The U of T, with the largest graduate history program in Canada and the most generous annual funding promise, serves as an example:
|Estimated rent in Toronto||$12,000/year|
|Toronto cost of living (not including rent)||$15,804|
Even if students paid the lowest possible rent of $1,000/month, which the U of T assumes would mean living in a room in a shared house, expenses exceed the guaranteed funding by almost $9,000/year.
A matter of equity and mental health
Across the country, students consistently take longer to complete their PhDs than the guaranteed funding period allows. The mean time-to-completion for History PhD graduates is six years, seven months. The median is six years, one month. Once their years of guaranteed funding are up, students must scramble to get sessional contracts, research contracts, and other forms of precarious labour to make ends meet as they finish their dissertations. While our committee also recommended that programs shorten the time to completion, underfunding remains a poverty, equity-diversity-inclusion, and mental health issue.
If students are required to self-fund their PhD (to whatever extent), they must either draw on their family’s savings, borrow money, or work so much that it detracts from their studies. This is a significant barrier for many prospective students. Better funding is essential to ensuring that a more diverse group of students, including Indigenous and Black students and first-generation students, can access PhD programs, create new knowledge, and be more innovative in their scholarly work.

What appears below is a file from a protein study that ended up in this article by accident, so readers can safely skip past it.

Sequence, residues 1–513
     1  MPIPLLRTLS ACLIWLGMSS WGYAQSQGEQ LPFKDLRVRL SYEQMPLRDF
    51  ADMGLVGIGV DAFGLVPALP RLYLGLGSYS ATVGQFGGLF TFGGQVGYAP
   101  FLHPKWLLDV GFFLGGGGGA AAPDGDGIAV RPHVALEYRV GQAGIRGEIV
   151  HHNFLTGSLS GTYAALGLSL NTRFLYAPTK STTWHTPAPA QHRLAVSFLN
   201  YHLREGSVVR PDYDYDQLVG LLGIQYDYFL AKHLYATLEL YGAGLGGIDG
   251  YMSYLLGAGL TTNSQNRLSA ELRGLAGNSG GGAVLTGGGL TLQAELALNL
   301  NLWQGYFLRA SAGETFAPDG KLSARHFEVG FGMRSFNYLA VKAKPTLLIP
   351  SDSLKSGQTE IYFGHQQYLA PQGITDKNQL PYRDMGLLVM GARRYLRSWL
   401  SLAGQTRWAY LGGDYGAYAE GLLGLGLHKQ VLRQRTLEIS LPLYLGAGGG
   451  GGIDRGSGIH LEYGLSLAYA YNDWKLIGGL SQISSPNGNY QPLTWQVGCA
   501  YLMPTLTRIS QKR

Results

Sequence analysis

Adequate funding is also vital to resolving the mental health crisis in graduate education. The Degrees of Success report, published by the Council of Canadian Academies, pointed out that graduate students were six times more likely than the general population to experience depression and anxiety. Students in the later stages of their program are even more likely to experience moderate to severe symptoms. One of the graduate directors we spoke to as part of our research referred to themself as “the feudal lord of despair”, referring to the difficult circumstances students faced near the end of their degree programs. The graduate students we spoke to were vocal about how financial insecurity impacted their mental health. Canada needs to do better by our students in history and in the humanities and social sciences more generally.
Will Langford is a history professor at Dalhousie University. Catherine Carstairs is a history professor at the University of Guelph.
Hello. Thanks for linking directly to our report, Degrees of Success. I noticed, however, that our name is spelled incorrectly in that last paragraph (it should be Council of Canadian Academies):
Adequate funding is also vital to resolving the mental health crisis in graduate education. The Degrees of Success report, published by the Canadian Council of Academies, pointed out that graduate students were six times more likely than the general population to experience depression and anxiety.
This is a surprise? No, starvation funding is a feature, not a bug. And then, when you graduate at the very top, you still get nothing – there haven’t been faculty jobs, especially in the humanities, since the 1970s. Those of us who bought the whole fraud of “Oh, everyone will retire and there will be openings” are just suckers. So we left the country, for opportunities elsewhere – the country that raised and educated us, that we never wanted to leave. The most educated are fleeing, providing no benefit and no return on investment. Way to go, Canada.